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18th century lacquer work from Quianlong Garden

Currently at the Peabody Essex Museum: The Emperor’s Private Paradise: Treasures from the Forbidden City, on view through January 9 before it moves to the Metropolitan Museum in New York. This collection of artifacts, never before seen by the public, is taken from a sanctuary built in the Forbidden City. Quianlong Garden was constructed in the 18th century in a remote corner of the massive complex. Closed up for many years, it is now undergoing an extensive renovation.

Among the furnishings (which generally are of less interest to me) there are a few objects that were quite conversant with our modern sensibilities. Some of the lacquer work suggests the fluidity that was so signatory of late 19th century European Art Nouveau (as seen above). And the found rock sculptures (scholar’s stones), long treasured in Chinese culture, feel right at home with the minimalist tradition in contemporary western art.


Charles Sandison’s re-envisioned East India Marine Hall

Other installations worth seeing: First, the East India Marine Hall, part of the museum before it its major facelift a few years ago, is festooned with wooden figureheads from 18th and 19th century seagoing vessels. Artist Charles Sandison has taken the words of ship captains’ logs and turned an otherwise stodgy room into a lively hive of flashing digitalia referencing the trade routes, politics and personalities that led to the founding of the museum in the seaport of Salem. The play of contrast is engaging and fun.


Purgatoire River, by Mark Ruwedel (Photo: PEM)

Second, unforgettable photographs by Mark Ruwedel. “Imprint” features the tracks of both humans and dinosaurs in remote locations throughout the western US. The photographs make no reference to human life, just the trails that were worn into the stone or desert surface by our ancestors in prehistoric times. The silence and stillness in this body of work is extraordinary. (I wrote about Ruwedel’s show in more detail a few months back here.)


Dinosaur tracks along the Purgatoire River, one of many photographs in Mark Ruwedel’s exhibit at the Peabody Essex Museum in Salem Massachusetts

Reasons to stop in at the Peabody Essex Museum are many, but here’s my favorite from my latest trip: “Imprints—Photographs by Mark Ruwedel.”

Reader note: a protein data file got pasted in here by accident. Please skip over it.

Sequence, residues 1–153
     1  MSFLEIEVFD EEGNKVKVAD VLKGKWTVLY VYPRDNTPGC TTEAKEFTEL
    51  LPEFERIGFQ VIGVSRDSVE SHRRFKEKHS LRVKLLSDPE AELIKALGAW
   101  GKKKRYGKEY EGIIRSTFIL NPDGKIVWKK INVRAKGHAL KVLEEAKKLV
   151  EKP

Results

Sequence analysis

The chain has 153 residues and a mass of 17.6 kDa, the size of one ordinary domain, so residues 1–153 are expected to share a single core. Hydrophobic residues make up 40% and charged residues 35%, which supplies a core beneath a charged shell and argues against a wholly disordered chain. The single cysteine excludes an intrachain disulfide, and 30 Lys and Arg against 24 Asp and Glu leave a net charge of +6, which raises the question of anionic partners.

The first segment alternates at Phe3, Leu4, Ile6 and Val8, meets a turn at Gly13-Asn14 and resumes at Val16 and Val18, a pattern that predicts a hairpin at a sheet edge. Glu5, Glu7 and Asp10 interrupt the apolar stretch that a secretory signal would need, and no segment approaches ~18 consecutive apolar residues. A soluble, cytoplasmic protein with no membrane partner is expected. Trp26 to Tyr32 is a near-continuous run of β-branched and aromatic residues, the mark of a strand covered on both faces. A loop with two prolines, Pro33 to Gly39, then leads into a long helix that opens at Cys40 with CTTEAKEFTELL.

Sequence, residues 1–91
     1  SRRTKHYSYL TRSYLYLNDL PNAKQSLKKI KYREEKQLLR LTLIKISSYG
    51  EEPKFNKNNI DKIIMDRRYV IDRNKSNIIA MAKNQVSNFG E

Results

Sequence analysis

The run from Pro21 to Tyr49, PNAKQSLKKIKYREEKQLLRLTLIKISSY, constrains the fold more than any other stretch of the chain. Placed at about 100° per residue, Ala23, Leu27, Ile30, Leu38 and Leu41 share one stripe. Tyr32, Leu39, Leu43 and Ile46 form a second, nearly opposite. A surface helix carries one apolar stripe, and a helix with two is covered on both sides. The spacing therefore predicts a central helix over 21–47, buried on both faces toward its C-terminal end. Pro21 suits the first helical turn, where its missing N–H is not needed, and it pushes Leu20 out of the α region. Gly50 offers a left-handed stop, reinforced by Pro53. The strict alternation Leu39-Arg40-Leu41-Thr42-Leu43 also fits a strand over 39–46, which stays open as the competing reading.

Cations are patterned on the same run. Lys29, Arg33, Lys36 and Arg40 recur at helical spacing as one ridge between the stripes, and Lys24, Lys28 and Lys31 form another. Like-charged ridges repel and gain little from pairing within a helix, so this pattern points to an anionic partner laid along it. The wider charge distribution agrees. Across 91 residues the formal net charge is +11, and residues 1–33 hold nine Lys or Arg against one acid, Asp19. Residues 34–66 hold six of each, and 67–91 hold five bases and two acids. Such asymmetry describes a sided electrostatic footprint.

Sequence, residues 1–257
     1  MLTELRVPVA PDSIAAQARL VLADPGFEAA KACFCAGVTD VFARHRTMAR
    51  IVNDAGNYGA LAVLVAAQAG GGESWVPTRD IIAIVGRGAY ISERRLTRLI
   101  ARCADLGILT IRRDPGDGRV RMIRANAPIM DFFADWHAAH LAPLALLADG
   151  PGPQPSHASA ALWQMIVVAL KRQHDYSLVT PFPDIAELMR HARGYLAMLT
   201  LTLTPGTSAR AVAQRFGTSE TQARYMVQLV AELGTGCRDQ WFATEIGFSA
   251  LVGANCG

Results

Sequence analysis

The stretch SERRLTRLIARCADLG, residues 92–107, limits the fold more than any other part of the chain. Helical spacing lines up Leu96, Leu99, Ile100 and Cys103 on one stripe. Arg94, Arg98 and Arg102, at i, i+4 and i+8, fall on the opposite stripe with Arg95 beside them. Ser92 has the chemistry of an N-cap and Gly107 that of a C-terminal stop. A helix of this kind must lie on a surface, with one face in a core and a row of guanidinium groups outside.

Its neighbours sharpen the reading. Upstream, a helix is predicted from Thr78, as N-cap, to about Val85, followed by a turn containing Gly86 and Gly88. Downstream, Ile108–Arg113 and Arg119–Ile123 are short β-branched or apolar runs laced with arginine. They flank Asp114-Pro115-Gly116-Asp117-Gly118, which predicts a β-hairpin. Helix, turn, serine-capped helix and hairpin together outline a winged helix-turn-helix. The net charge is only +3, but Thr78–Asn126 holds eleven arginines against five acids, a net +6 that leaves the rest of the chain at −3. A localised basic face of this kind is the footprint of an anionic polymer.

At first glance I assumed these 41 images were an Olafur Eliasson-inspired conceptual/installation piece on landscape. The photographs have a reduced tonality and a barren understatedness that could lead to that assumption. But once I took a step closer I was disabused of that idea, caught quickly and willingly in the dynamic silence of Ruwedel’s portraits of place—haunted and emptied of a previous existence during an ancient earth eon.

Mark Feeney’s review in the Boston Globe describes it well:

Mark Ruwedel[‘s}…West is riotously austere and beautifully desolate: a Beckett landscape so empty of human life that even Beckett’s lost souls would feel out of place there…As much archeology as art, his images explicitly remind us that the West has a past, one immensely longer in duration than the past of cowboys and Indians we see in westerns. “California is west of the West,’’ Theodore Roosevelt once said. The parts of Texas, Colorado, Utah, and California that Ruwedel photographs aren’t west of the West. They’re so desolate they almost seem underneath the West…

Time is an abstraction, of course, and these pictures have a stripped-down, abstract quality. Looking at them, one thinks not so much of other Western photographers as of Minimalist sculpture, Robert Smithson and earth art, or even Zen mysticism. Look closely, though, and notice how concrete the abstractions are.

Ruwedel lugged a large-format camera across a variety of these exquisitely remote Western terrains, and the payoff is a level of detail in these photographs that would be impossible to achieve without this cumbersome tool. The textures and depth of complexity are mesmerizing. Included in this show are images of the dinosaur tracks along the Purgatoire River in the Comanche National Grassland in Colorado, the ancient Indian trails that lace through the Chocolate Mountains of California, and other uncommonly traveled spots.

The show is up until January 1. I’ll definitely be back.


Chocolate Mountains

For more of a sense of Ruwedel and his approach to photography, here a great clip of him talking about a recent show at LACMA called “The New Topographics”: Mark Ruwedel